The Milk Myth

Milk is not a remedy for heartburn. The soothing effect felt when drinking milk is deceiving- once in the stomach, milk's fat, calcium, and protein cause increased acid secretion and worsened heartburn. Minis are also often credited with alleviating heartburn, but they don't Mint actually relaxes the LES, making heartburn more likely.

Despite its name, heartburn has nothing to do with the heart. (Some of the symptoms, however, are similar to those of a heart attack or heart disease.) It is an irritation of the esophagus that is caused by stomach acid. With gravity's help, a muscular valve called the lower esophageal sphincter, or LES, keeps stomach acid in the stomach. The LES is located where the esophagus meets the stomach-below the rib cage and slightly left of center. Normally it opens to allow food into the stomach or to permit belching; then it closes again. But if the LES opens too often or too far, stomach acid can reflux, or seep, into the esophagus and cause a burning sensation.

Occasional heartburn isn't dangerous, but chronic heartburn can indicate serious problems. Heartburn is a daily occurrence for 10 percent of Americans and 50 percent of pregnant women. It's an occasional nuisance for another 30 percent of the population.


The basic cause of heartburn is an underactive LES that doesn't tighten as it should. Two excesses often contribute: too much food in the stomach (overeating) or too much pressure on the stomach (frequently from obesity or pregnancy). Certain foods commonly relax the LES, including tomatoes, citrus fruits, garlic, onions, chocolate, coffee, alcohol, and peppermint. Dishes high in fats and oils (animal or vegetable) often lead to heartburn, as do certain medications, especially some antibiotics and aspirin. Stress, which strains the nerves controlling the EES, can cause heart-hum. And smoking, which relaxes the LES and stimulates stomach acid, is a major contributor.

Diagnostic and Test Procedures

Your description of your symptoms may be all a doctor requires, but sometimes additional procedures are necessary. The esophagus can be viewed through an endoscope, a long, thin, flex-He tube inserted through the mouth, or by x-ray.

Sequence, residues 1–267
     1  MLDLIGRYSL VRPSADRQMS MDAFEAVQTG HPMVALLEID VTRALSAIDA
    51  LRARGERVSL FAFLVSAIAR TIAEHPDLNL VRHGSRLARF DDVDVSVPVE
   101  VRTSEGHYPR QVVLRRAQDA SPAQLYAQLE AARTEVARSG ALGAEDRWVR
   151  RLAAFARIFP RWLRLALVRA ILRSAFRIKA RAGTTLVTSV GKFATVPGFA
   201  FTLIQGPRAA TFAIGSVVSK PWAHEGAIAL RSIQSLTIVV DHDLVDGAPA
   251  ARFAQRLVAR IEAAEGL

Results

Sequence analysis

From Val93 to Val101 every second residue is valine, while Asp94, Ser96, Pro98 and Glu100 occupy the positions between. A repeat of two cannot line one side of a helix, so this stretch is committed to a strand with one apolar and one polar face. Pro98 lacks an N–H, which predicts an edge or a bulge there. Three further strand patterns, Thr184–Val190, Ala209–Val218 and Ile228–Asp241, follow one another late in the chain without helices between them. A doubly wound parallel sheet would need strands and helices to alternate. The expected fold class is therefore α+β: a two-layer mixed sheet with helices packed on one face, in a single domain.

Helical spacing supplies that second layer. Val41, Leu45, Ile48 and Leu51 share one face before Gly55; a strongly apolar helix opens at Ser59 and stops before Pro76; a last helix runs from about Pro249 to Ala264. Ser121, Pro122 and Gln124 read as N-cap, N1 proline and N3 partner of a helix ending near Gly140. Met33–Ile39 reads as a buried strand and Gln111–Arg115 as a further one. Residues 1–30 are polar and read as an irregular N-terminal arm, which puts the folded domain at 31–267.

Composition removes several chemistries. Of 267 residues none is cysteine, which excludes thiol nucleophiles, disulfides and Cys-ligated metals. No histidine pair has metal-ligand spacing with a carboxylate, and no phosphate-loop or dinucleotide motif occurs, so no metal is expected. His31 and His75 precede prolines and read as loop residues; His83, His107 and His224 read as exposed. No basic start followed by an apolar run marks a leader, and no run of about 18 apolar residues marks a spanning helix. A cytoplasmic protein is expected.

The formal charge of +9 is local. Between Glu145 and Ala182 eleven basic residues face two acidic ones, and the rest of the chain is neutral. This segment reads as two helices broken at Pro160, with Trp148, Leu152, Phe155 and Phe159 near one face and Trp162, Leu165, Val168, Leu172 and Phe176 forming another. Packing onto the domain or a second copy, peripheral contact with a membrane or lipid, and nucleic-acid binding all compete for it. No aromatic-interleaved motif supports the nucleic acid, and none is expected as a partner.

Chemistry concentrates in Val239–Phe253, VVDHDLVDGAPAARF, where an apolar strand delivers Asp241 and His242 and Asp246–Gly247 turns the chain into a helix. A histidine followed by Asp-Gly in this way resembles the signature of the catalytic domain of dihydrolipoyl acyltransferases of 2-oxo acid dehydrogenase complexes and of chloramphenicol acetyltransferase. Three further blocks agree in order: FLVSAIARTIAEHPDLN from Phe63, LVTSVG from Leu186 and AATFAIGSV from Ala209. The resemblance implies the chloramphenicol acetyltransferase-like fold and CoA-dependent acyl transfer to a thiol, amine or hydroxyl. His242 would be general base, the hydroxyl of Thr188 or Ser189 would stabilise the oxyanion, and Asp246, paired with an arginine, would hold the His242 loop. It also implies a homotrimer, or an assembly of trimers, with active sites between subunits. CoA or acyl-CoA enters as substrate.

To determine if your heart is the cause of your symptoms, an electrocardiogram (ECG), a recording of the heart's electrical activity, may be taken.


Most physicians advocate antacids for occasional heartburn. Alternative practitioners rely on herbal remedies to reduce acid and relaxation therapies to lessen stress.

Conventional Medicine

The primary objective is to identify the cause of the heartburn, so it can be avoided in the future. Over-the-counter antacids or bismuth subsalicy-late is commonly prescribed to neutralize stomach acid. If antacids don't quell the symptoms, your doctor may prescribe cimetidine, ranitidine, or omeprazole to reduce the stomach's production of acid, or cisapride or metoclopramide to make the stomach empty itself faster. When all else fails, surgery may be required to repair the EES, but this is relatively rare.

Alternative Choices

Chinese Herbs

Taken once or twice, a tea made from 10 grams orange peel, 4 slices fresh ginger (Zingiber officinale), 10 grams poria (Poria cocos), 10 grams agastache (Agastache rugosa), and 3 grams licorice (Glycyrrhiza uralensis) may alleviate heartburn. If it doesn't, call your physician. This mixture should not be taken daily.

Herbal Therapies

Ginger (Zingiber officinale) tea can diminish heartburn quickly, and chamomile (Matricaria recutita) tea's calming effects are especially helpful for stress-related heartburn.


Specific heartburn symptoms often respond well to homeopathic remedies. The dosage is 6c, taken every 15 minutes; repeat up to three times, then repeat the series once if needed. After eating spicy foods, take Nux vomica; after rich foods take Carbo vegetabilis; and for burning pain, take Arsenicum album.


Heartburn is often preventable. The keys are maintaining a reasonable weight, avoiding things that cause stomach acid to reflux into your esophagus, getting adequate rest and exercise, and minimizing stress.

If you must lie down after eating, lie on your left side; your stomach is lower than your esophagus in this position.

Source :
Alternative Medicine

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